My son told me Good Bye Lenin is his favourite ever German film, so that was good enough for me to buy the DVD and give it a whirl. Fact is that he likes it for the quirky tragicomic nature of the story, script and characters, without necessarily understanding the full historical context, namely that this is a film set in East Berlin at the time of the collapse of the wall, the reunification of Germany and the sweeping away of the Communist regime of the DDR under Erich Honecker, since these events came before his time and have yet to hit the history syllabuses.
For me it brings back memories of going through Checkpoint Charlie and going on a tour of East Berlin in 1986, several years before the wall came down – a haunting experience I will always remember, not least for the tension associated with a divided city. It would be an experience to return there and ask people what they think of life since the wall fell and life between the two sides was re-integrated. But the evidence here suggests that opinions are not quite as single-minded as you might expect.
This is a film about the end of an era and an exploration of cultural values, not to mention identity. At the heart of the tale is a simply but beautifully worked conceit: a mother who, since the departure of her husband has become an enthusiastic activist for the Communist government and opponent of the West, suffers a heart attack and is in a coma for 8 months.
During this time the government falls and the country is reunified on democratic (AKA “western”) principles. When she wakes, her family believe it would destroy her if the truth were revealed so instead keep up the pretence that they are still living in the old days of Honecker and the DDR, to the extent of swapping pickles into jars with the old East German brands and constructing fake news bulletins to explain changes that she starts to observe.
This becomes increasingly desperate when, for example, she spies from the window a Coca Cola banner going up on a neighbouring tower block, and when she ventures forth on her own and spots the deconstructed statue of Lenin, finger outstretched to make a point to his audience, being transported by helicopter.
There are many such comic moments along the way, but the abiding mood of the piece is melancholy, tinged with a certain ironic sadness for how the death of an ideal, albeit one riddled with flaws and inequities, and sadness for the sense of loss experienced through the family, especially when it turns out the father had remarried, moved to the west and become rich in the process.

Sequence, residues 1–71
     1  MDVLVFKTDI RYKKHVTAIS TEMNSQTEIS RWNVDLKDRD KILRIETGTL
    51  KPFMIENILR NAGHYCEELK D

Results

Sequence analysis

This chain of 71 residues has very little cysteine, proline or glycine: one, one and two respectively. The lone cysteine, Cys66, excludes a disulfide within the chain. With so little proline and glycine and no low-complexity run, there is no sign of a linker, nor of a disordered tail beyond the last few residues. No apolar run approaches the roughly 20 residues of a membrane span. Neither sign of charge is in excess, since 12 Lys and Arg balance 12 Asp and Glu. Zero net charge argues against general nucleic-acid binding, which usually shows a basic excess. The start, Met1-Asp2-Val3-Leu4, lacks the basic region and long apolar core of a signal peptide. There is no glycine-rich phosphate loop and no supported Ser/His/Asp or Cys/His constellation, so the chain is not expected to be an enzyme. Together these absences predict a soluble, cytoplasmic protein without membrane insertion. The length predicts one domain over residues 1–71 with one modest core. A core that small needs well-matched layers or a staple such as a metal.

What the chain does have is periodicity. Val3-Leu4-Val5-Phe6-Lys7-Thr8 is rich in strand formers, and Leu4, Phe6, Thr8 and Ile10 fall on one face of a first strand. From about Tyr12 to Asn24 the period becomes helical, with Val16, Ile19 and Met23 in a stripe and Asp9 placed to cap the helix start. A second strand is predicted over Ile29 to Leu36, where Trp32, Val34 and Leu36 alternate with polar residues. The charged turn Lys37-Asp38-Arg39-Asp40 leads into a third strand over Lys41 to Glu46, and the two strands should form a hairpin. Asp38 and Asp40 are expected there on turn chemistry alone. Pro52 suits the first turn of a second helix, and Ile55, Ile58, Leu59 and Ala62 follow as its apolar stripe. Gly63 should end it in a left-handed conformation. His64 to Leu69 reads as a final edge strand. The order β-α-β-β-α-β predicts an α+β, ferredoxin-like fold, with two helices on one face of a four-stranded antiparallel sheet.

As such, the underlying values behind life in Berlin are neatly dissected but what they reveal is a cultural ambivalence and nostalgia in Berliners that Western propaganda would have you believe was steeped in nothing but desire for freedom. Why would you want a Trabant when you could have a Merc? The answer is much more complex and subtle, and this is a movie that demonstrates the shades of loyalty and patriotism better than any account I’ve yet read or seen. As Empire magazine put it:
“An ingenious little idea that is funny, moving and—gasp!—even makes you think.”
To achieve this feat requires several key ingredients: firstly, an accurate depiction of life im Osten – and from my recollections, the atmosphere of Good Bye Lenin seems entirely authentic.
It also requires a cast that can appreciate this peculiarly German cultural issue, so I’m delighted to report that the mood of the piece is captured beautifully by the cast. At the centre is Alex Kerner, played by the Spanish born dual-nationality Daniel Brühl. Brühl has a knack of being at home in any environment, even as Niki Lauda in Rush; in this, his breakthrough role and one for which he won awards, Brühl captures the ambivalence to perfection – though he would probably not have seemed so effective were it not for Katrin Saß, an actress from the old East Germany, playing the idealised mother note-perfect.
In fact, you can’t find a bum note among any cast members, which in turn is due credit to director Wolfgang Becker for bringing to life his single-minded vision and thereby encapsulating the German East-West debate so beautifully.
So there you have it – thanks to Adam for recommending it. My life is enriched for having seen what is perhaps a minor film but one to be enjoyed as well as treated as an historical artefact. Where will the next national and cultural identity crisis emerge? At any given point there are probably dozens of them going on around the world!